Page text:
Today, Aug. 29, is the final day for the 101,000 residents of the Peninsula Health Care District to postmark their mail-in ballots on whether to approve the long-negotiated contract for Sutter Health to rebuild Peninsula Medical Center in Burlingame. Approval now will comply with the state’s 2013 hospital seismic upgrade deadline.
We hope the majority of voters in the district — which essentially runs from San Mateo to San Bruno — will say yes to the deal, by which the Sutter nonprofit’s Mills-Peninsula Health Services subsidiary pays $488 million to build a new hospital on public land administered by the Health Care District.
A small watchdog group called the Peninsula Guardians does not believe district residents are well enough informed to be entrusted to vote on the deal, even though public meetings about the new hospital have been in progress for six years.
The Guardians are suing to throw out the district referendum that hasn’t even been tallied yet, which would seem to indicate they don’t expect the full vote to go their way. Their attempt to stop the election was denied by Superior Court on July 28. Now the latest word is that the Guardians might drop the lawsuit if the Health Care District meets its demands.
Face-to-face meetings between attorneys for the Guardians and the district are supposed to take place early in September, although district spokespersons state it is extremely unlikely that any substantive changes would be made to the contract. The Guardians’ main remaining complaints are that the negotiated 50-year lease extends far beyond California’s 30-year limit on public hospital property agreements and that vague contractual language would allow the hospital management to make sweeping changes without another district-wide vote.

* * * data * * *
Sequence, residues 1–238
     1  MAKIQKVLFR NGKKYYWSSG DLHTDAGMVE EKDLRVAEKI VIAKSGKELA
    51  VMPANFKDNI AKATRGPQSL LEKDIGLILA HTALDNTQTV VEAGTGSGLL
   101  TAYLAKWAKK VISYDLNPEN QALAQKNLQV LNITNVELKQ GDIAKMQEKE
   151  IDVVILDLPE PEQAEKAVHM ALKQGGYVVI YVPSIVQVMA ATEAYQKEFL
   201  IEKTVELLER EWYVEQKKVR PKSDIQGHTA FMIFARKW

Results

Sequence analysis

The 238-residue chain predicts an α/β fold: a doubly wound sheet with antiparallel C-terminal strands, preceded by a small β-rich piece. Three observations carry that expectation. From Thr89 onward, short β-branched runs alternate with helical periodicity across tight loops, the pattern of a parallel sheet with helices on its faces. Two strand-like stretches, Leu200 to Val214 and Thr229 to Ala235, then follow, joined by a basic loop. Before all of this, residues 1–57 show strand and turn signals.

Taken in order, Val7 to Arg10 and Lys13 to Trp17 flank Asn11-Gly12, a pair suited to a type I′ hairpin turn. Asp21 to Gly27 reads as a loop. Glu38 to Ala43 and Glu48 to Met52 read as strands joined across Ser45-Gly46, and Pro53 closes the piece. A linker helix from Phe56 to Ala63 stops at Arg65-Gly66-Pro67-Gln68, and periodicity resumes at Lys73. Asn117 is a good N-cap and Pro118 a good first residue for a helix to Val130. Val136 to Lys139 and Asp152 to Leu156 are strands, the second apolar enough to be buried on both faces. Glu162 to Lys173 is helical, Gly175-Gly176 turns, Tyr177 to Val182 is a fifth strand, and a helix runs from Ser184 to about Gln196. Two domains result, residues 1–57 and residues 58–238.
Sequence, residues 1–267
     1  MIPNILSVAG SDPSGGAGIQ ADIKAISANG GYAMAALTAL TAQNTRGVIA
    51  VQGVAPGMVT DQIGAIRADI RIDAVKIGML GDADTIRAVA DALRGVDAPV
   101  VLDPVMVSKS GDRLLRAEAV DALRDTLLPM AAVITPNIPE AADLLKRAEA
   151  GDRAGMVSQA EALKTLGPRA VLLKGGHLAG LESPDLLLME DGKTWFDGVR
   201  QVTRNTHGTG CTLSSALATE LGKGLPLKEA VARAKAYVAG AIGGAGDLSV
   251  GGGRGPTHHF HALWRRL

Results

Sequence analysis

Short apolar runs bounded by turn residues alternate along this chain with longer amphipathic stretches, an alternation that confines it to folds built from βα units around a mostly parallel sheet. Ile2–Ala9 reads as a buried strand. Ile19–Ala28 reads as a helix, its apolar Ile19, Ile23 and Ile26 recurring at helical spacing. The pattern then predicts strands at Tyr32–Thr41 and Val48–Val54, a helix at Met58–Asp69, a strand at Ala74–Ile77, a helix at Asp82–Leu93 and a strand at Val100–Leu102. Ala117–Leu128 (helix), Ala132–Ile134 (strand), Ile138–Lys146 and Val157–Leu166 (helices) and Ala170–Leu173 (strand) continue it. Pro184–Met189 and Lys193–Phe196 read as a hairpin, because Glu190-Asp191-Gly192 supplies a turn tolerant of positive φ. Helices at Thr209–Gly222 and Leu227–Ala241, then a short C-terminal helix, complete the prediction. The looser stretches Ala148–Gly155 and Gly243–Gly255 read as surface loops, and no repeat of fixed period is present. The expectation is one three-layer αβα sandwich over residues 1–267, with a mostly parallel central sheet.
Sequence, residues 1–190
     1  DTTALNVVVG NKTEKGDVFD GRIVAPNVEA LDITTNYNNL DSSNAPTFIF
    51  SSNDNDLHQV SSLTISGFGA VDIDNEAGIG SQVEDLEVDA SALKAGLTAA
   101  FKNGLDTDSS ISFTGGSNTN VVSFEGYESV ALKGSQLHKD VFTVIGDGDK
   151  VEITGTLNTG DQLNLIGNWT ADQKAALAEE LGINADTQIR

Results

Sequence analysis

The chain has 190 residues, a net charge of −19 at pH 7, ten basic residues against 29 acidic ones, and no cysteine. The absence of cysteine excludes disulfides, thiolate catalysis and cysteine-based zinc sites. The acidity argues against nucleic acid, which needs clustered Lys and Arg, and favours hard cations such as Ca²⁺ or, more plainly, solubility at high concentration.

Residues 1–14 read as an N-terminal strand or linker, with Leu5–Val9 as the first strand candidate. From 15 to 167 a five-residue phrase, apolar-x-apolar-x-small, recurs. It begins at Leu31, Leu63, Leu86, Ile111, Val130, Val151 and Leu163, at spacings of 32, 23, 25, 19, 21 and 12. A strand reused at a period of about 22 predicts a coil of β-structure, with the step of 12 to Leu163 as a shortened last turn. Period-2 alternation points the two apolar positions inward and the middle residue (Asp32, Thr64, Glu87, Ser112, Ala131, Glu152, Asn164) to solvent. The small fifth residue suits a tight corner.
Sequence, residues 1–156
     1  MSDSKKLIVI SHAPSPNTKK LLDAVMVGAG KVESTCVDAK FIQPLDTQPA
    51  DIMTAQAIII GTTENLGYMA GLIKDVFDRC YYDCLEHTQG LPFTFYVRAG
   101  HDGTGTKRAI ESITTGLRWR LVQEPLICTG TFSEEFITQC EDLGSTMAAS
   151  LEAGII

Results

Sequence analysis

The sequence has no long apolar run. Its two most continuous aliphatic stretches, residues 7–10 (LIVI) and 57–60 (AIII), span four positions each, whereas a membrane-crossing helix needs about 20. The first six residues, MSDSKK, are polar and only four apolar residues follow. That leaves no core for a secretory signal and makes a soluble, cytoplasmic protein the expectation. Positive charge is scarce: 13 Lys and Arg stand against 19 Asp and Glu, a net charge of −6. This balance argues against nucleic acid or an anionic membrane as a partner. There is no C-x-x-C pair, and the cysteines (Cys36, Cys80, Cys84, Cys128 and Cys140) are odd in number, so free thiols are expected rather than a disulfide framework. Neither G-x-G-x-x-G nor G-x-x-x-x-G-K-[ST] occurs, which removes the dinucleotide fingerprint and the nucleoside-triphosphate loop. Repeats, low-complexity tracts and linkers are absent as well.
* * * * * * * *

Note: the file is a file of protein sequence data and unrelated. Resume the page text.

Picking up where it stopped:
Admittedly these are reasonable concerns, but the Guardians were present at virtually all of the key meetings during the six-year negotiation process, and they had ample opportunity to speak out on their views. By the time this contract was submitted to voters, the terms that Peninsula Health Care District were able to wring out of Mills-Peninsula management during the often-contentious negotiations were considerably improved.
Mills-Peninsula will now pay $1.5 million yearly rent for the district property, rather than pay to build only the hospital. The district gained additional options for placing potentially profitable operations on the valuable acreage not being used for the hospital. And with help from an effective neighborhood campaign, the medical center’s massivenew parking structure was relocated to frontage on busy El Camino Real instead of looming right above single-family residences.